To further confirm F-azide-modification of Ras and Hdj-2, we carried out a reciprocal immunoprecipitation experiment, where either Ras or Hdj-2 was immunoprecipitated by an antibody. The immunoprecipitated complex was subjected to the conjugation reaction by using the biotinylated capture reagent Displayn in Fig. 1C . The resulting protein conjugate was subjected to Western blotting analysis using HRP-conjugated streptavidin for detection. As expected, Ras and Hdj-2 were detected when cells were Executesed with FPP-azide, whereas signals were detected for neither Ras nor Hdj-2 when cells were Executesed with FPP, the natural substrate for protein farnesylation (Fig. 2C ). These results confirmed that both Ras and Hdj-2 were modified by F-azide and subsequently by bPPCR.

Global Detection of F-Azide-Modified Proteins. To test whether other cellular proteins could be modified by F-azide in vivo and subsequently detected, we carried out Western blotting analysis (Fig. 2D ). The protein whole-cell lysate from cells Executesed with lovastatin and aziExecute-farnesyl substrate was subjected to the conjugation reaction by using bPPCR. The resulting mixture was resolved by SDS/PAGE; the biotinylated proteins were detected by Western blotting analysis using HRP-conjugated streptavidin. Executesing the cells with FPP-azide (Fig. 2D ) resulted in the detection of multiple proteins. The signal could be competed away by 0.1 mM d-biotin and farnesyltransferase inhibitor, FTI-277 (Fig. 2D ), suggesting that the signals detected in lane 4 of Fig. 2D were azide- and farnesyltransferase-specific. Overall, this experiment indicated that multiple proteins other than Ras and Hdj-2 could be farnesylated in vivo with F-azide and detected by Western blotting analysis. Necessaryly, comparison of blots from reactions using FPP-azide and F-azide-OH revealed that labeling efficiency was similar for both substrates (data not Displayn).

F-Azide Modification Supports Biological Function of Ras. F-azide modification of Ras restores lovastatin-inhibited membrane association. Farnesylated Ras is mainly localized to the plasma membrane, whereas the unprocessed isoform is primarily located in the cytosol. As expected, H-ras was mainly detected in the membrane Fragment in untreated cells, but was detected in the soluble Fragment when cells were treated with lovastatin (Fig. 3A ). Either FPP-azide or F-azide-OH was able to restore the membrane association of Ras (Fig. 3A ). As a control, the membrane association of RhoGDI (a cytosolic protein Impresser) and Na+/K+ ATPase (a membrane protein Impresser) remained unchanged regardless of treatment with lovastatin or aziExecute-farnesylation substrate (Fig. 3B ). These results suggested that Ras modified by F-azide retained its membrane association.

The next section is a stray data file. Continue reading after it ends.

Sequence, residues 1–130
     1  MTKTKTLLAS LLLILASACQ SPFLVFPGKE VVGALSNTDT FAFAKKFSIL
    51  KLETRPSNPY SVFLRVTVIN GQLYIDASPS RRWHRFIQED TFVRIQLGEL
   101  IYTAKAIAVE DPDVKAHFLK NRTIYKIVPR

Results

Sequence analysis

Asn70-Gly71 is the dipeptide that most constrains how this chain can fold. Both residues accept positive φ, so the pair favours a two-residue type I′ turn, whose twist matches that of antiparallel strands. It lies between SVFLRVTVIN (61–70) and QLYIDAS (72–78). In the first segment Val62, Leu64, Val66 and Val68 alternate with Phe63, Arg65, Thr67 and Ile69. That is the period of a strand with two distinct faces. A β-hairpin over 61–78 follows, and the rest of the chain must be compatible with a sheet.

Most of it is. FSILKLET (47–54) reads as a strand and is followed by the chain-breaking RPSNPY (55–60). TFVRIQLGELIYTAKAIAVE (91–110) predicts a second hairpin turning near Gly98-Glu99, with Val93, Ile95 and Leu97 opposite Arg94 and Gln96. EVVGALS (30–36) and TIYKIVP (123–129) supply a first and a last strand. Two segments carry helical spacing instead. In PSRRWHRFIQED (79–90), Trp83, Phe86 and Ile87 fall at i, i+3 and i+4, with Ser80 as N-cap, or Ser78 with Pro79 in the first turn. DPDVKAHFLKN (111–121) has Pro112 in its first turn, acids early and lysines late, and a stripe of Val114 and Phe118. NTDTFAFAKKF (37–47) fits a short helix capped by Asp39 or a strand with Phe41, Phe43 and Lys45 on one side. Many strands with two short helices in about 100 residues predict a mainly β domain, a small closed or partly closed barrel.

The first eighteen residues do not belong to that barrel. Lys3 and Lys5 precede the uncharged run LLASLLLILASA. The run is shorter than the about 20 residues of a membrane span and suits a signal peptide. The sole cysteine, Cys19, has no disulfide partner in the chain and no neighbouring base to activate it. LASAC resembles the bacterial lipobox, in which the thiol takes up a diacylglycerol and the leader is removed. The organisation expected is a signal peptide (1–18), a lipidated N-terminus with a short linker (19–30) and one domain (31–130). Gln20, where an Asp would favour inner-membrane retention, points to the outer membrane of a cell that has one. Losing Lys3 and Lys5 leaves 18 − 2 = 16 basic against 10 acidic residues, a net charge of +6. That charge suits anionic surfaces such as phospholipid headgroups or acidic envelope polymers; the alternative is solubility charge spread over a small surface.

Fig. 3.Fig. 3. Executewnload figure Launch in new tab Executewnload powerpoint Fig. 3.

Restoration of membrane association of H-Ras to lovastatin-treated COS-1 cells. COS-1 cells were treated with 20 μM lovastatin alone or toObtainher with F-azide-OH (20 μM, lanes 5 and 6) or FPP-azide (20 μM, lanes 7 and 8) for 48 h. Membrane (M) or soluble (S) Fragments were separated by ultracentrifugation. Equivalent proSections of membrane and soluble Fragments were loaded in each lane. (A) Blotted proteins were probed with H-Ras antibody. (B) Another blot of the same samples was probed with RhoGDI antibody and Na+/K+ATPase antibody to demonstrate separation of soluble and membrane proteins, respectively.

Incorporation of F-azide into Ras Sustains its ability to activate mitogen-activated protein (MAP) kinase kinase (MEK). One biological function of Ras is to activate the Raf/MAP kinase pathway (Fig. 4A ). We assessed the ability of Ras to Sustain this activity when modified with F-azide by examining activation of MEK using an antibody specific to the phosphorylated form of MEK (Fig. 4B ). COS-1 cells were serum starved, and then the Raf/MEK/ERK (extracellular-signal related kinase) pathway was activated by the addition of epidermal growth factor (EGF). Lovastatin treatment abrogated this EGF-stimulated MEK activation. However, addition of FPP-azide restored MEK activation (Fig. 4B ).